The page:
I’m cheap. Not to the exclusion of sanity, but I love the idea of making money go as far as possible. In my haunt I felt I could use a bunch of extra skeletons, but the idea of forking out a hundred dollars apiece for a half dozen buckys left me a little weak in the knees. In retaliation I bought some Big Lots specials, the notorious blown plastic skellies for cheap and a few bags ‘O bones and set out to make them sickening. Here’s how I did it.

In the how-to’s on my website, I show a method I learned from Jerry Chavez of SpookyFX.Com to glue paper towels to these skeletons to make a rotted corpse, but they are very time consuming and are relatively fragile. My idea for something much faster and hopefully really durable was to use a little different method. I started with the spray paints shown and a gallon of water based Weldwood Contact Adhesive, a half dozen foam brushes and some saw dust

The first step is to apply a layer of the adhesive cement to one section of your corpse at a time using the 2″ or 3″ foam brush. (I suggest not using a nice house painting brush for this, as the brushes get all gooed up every skeleton or so and you  would hate to toss a $15 brush every few minutes)

Once you have coated the front side of say the arm and hand, coat all the adhesive with a layer of sawdust. (Note! You should wear surgical gloves for this process, as you will need to rub the sawdust into the joints and across the surface well so it really adheres to the plastic. This makes your hands messy and you will go through about 3 sets of gloves per skelly.) Once you have layered this on well, go on to the next section. Once you have him coated on the front, flip him over and do the same to the backside.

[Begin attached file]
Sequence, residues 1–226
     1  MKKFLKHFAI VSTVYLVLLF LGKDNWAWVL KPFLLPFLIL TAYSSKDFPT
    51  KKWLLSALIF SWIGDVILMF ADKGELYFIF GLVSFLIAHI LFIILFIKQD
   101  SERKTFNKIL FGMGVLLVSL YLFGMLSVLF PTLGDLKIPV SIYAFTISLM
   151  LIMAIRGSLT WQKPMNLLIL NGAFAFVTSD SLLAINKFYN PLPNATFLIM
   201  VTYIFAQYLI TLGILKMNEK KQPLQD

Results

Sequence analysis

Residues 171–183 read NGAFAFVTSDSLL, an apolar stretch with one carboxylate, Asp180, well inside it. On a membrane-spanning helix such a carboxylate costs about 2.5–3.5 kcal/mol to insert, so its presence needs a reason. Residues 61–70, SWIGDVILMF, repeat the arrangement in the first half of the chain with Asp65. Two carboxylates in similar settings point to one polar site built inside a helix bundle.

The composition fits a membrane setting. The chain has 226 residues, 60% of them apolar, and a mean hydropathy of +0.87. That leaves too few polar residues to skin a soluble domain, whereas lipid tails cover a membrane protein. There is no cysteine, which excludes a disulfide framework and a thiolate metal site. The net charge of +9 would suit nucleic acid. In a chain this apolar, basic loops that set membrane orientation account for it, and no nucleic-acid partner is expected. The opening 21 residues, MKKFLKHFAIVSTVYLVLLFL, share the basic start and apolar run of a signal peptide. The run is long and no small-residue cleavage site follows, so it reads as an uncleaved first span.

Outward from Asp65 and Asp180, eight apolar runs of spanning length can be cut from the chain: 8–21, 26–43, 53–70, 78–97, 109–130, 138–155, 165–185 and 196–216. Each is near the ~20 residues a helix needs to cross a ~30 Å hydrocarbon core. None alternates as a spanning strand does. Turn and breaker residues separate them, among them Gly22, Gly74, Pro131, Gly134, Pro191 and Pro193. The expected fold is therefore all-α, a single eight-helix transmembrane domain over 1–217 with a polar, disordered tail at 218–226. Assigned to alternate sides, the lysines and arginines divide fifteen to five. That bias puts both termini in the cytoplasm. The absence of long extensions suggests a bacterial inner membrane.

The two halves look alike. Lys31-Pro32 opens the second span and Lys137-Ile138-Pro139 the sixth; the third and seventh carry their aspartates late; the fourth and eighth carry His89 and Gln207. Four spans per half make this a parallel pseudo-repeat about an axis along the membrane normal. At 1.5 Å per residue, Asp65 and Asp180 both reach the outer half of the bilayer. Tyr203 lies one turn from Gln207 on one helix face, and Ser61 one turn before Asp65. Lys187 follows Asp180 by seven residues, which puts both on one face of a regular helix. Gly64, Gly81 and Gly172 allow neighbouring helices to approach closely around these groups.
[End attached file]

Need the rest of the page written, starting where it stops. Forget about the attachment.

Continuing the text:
After you have all your bones and skellies dusted well, shake off the excess and lay them out face down. You will be applying a sketchy coat of tan paint to the entire surface (Not a full coat. Miss some spots purposely.) Then move on to the blue paint. This is the color of the veins, so be sure to apply in solid lines and very sparingly to various places as shown in the top pic on the left. There is no right placement, as the body could show this bluing under the skin at various locations. Next, apply the rust color. With this, you can be pretty generous. This is a large part of the rotting color.

Finally, you will spray the black to the desired rotted effect. You can be very generous with color in this stage, as much of it will be brushed off after these are fully dry. If you get all done and find your corpse isn’t nasty enough you can always go back and touch him up. The black color really does make him take on a nasty burned effect, so be careful. Too much and he will look like he’s been through some really serious trauma. Once the backs are done and you have had practice with the balance of colors, turn them over and do the front sides the same way.

After you have all your bones and skellies painted leave them to dry for at least one day. The glue will take some time to dry out of the excessively heavy areas that really soaked up the sawdust.

Once fully dry you now need to take a stiff brush to them to remove all the excess paint and sawdust that will not hang on under rough use. As you can see from the pics, they really get a lot lighter once you brush them down. In which case you may want to go back for further touch up at this point.

If you do, try to keep your spray tip back away further than the first applications, as this paint will not really blend with the other colors as well as the first 4 did due to the excess dust has already been removed.  

Because these are so durable, I can stick these in garbage bags in the off-season, toss them into my attic, and not worry they will be damaged by the contortions, as the glue adheres the color and texture to the plastic very well and it resists flaking off.

In the light of the haunt, these bones were exceptionally convincing as rotted corpses and the total cost of making 6 is the same as buying a single bucky. I rest my case.

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